As It Turns Out, David Bowie Really Is From Outer Space

Posted: July 3, 2011 in Drama, Sci-Fi/Fantasy

British Director Nicolas Roeg’s works, which include Walkabout and Don’t Look Now, are often meandering and esoteric, movies that are difficult to unravel and demand repeat viewings.  The Man who Fell to Earth, his 1976 adaptation of author Walter Tevis’ novel of the same name, is no exception.  It’s difficult to watch, although not in the same way a film like, say, Sex in the City 2, is.  It requires the viewer’s undivided attention, and, even then, it’s likely that many will be left scratching their heads (I’ll admit to being one of those people).  Maybe though, The Man who Fell to Earth isn’t meant to be immediately understood.  Instead of giving to the audience, like so many summer blockbusters, it asks of them, and its effectiveness as a film is reliant on the amount of thought dedicated to interpreting it.

David Bowie plays a humanoid alien who comes to Earth seeking water for his drought-stricken planet.  Once arrived, he begins to build a corporate empire, using the advanced technology of his own world to develop and patent hundreds of new inventions.  With the money amassed by his business venture, he, under the pseudonym Thomas Jerome Newton, begins construction on a spaceship, intending to bring water to his family and his own world.  Shortly after his success as a business man, he meets Mary-Lou, a young, simple girl working as a maid at a hotel.  They eventually marry, but Newton’s alien origins cause the relationship to sour.

Newton comes to Earth with a mission, a sole desire to ensure the survival of his race.  While his planet dies, the alien begins as quickly as he can to construct the ship that will bring him back home.  Roeg brilliantly employs editing in order to both trivialize and emphasize the importance of time.  There is never any indication when, or how much, time has passed.  Frequently, five or ten years will go by between scenes with little or no indication.  Newton himself never ages, so these quick, subtle jumps simply represent the insignificance of time to him.  It passes, and he works towards his goal, and at first, the only thing that matters is water.  But as the film progresses, Bowie’s quest is sidetracked by gin and the encroachment of his own developing humanity.  The film returns to Newton’s desert planet to reveal the plight of the family he’s left behind and to remind the viewer that time, which passes so quickly, is running out.  Perhaps the “temporal” cuts also serve to imply that Bowie’s alien has simply lost track of his goal, of who he truly is.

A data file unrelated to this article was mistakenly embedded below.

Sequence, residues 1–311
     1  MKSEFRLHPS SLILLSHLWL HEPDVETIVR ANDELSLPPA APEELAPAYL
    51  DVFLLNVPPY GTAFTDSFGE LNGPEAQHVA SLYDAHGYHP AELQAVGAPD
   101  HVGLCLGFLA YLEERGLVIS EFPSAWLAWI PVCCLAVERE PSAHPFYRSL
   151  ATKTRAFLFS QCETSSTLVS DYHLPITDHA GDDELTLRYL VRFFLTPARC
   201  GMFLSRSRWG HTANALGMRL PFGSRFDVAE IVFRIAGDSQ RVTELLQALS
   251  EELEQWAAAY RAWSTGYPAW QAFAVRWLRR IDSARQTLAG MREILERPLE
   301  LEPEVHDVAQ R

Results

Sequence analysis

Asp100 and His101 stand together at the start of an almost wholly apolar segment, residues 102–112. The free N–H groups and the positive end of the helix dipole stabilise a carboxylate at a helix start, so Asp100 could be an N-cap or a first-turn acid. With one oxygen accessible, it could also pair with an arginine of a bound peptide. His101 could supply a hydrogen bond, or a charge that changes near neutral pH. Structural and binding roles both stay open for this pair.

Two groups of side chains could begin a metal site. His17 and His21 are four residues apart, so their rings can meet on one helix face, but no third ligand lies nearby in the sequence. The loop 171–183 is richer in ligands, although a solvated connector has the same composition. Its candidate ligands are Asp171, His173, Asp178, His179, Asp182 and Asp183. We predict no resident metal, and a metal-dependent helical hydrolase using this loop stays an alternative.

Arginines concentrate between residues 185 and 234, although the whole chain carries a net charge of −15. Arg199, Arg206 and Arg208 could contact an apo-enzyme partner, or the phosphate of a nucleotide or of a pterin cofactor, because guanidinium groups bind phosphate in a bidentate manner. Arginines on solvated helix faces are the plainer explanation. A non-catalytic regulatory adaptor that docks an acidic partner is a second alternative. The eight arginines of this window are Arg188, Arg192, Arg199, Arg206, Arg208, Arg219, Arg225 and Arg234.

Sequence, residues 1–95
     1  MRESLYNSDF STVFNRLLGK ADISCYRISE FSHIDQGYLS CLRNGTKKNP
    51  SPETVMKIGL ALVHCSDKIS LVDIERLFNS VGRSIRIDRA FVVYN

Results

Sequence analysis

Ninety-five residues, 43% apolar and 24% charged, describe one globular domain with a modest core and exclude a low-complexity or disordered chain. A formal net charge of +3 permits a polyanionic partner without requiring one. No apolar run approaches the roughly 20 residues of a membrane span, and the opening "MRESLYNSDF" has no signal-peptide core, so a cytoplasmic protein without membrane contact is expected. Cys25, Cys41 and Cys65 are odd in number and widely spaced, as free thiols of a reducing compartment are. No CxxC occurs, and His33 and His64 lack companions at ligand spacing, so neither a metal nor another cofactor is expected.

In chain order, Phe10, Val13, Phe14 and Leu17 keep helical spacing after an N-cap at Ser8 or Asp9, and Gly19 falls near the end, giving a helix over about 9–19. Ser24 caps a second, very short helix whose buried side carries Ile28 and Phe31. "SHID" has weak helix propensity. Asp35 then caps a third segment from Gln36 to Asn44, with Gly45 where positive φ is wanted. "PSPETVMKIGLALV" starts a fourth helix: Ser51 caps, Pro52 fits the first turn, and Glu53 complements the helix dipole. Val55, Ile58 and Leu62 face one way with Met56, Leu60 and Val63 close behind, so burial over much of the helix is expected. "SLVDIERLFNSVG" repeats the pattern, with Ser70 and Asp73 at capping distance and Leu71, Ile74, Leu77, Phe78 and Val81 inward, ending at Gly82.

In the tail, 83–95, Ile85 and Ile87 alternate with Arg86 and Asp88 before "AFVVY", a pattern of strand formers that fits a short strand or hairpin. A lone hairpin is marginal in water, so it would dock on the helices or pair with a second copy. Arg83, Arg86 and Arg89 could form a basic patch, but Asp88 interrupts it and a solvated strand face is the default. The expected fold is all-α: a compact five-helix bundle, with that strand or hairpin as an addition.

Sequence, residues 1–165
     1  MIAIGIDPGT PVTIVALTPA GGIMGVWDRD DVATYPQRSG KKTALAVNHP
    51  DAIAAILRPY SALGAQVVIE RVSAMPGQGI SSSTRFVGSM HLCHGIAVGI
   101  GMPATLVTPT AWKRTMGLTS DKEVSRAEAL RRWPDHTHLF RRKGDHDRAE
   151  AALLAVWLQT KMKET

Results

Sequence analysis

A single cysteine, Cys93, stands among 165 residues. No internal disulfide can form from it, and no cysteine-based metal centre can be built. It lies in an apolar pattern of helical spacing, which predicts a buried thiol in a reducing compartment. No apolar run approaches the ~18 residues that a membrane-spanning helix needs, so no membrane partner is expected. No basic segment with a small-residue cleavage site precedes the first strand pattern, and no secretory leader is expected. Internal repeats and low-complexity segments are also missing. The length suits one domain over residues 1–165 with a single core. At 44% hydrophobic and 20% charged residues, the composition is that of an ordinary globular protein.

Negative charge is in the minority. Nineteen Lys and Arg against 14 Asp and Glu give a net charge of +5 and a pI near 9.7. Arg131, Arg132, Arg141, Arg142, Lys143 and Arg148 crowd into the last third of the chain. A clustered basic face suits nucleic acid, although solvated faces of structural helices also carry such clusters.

There's a starman/waiting in the sky/He'd like to come and meet us/but he thinks he'd blow our mindsI think Ben Stein needs to introduce him to Clear Eyes

Thomas’ disguise is just that: a disguise.  It allows him to “go through the motions,” maintain the illusion of humanity.  He is like the television programs he becomes so enraptured with:  “The strange thing about television is that it doesn’t *tell* you everything,” Newton says.  “It *shows* you everything about life for nothing, but the true mysteries remain.”  He is, for all intents and purposes, only the image of a man.  On an emotional level, on the level which gives meaning to human existence, he is isolated, incapable of hatred, as he tells Mary-Lou after he reveals his true form to her, and, as is implied later during one of his last meetings with his former wife, incapable of love.  “I don’t love you, anymore,” Mary-Lou whispers.  “I don’t love you,” replies Thomas.  There is no adverb indicating past affection.  His is a statement which encompasses all time, past, present, and future.  For Thomas, there is, supposedly, only pretense.  Yet changes occur in his behavior throughout the movie, changes which lead him down a precarious road, one which he seems unable to stray from.  The switch from water as his preferred drink of choice, to liquor, is perhaps the first and best indication that he is losing his identity.  This culminates in a bizarre sex scene between himself and Mary-Lou, one which is so primal, yet so dispassionate – the clash of two separate beings, struggling for dominance.



 Fascinating Fact: Nicolas Roeg initially wanted author Michael Crichton, who was 6’10”, to play Thomas Jerome Newton.


Recommended Films: 2001: A Space Odyssey, Don’t Look Now

Next Weekend

Movie #11


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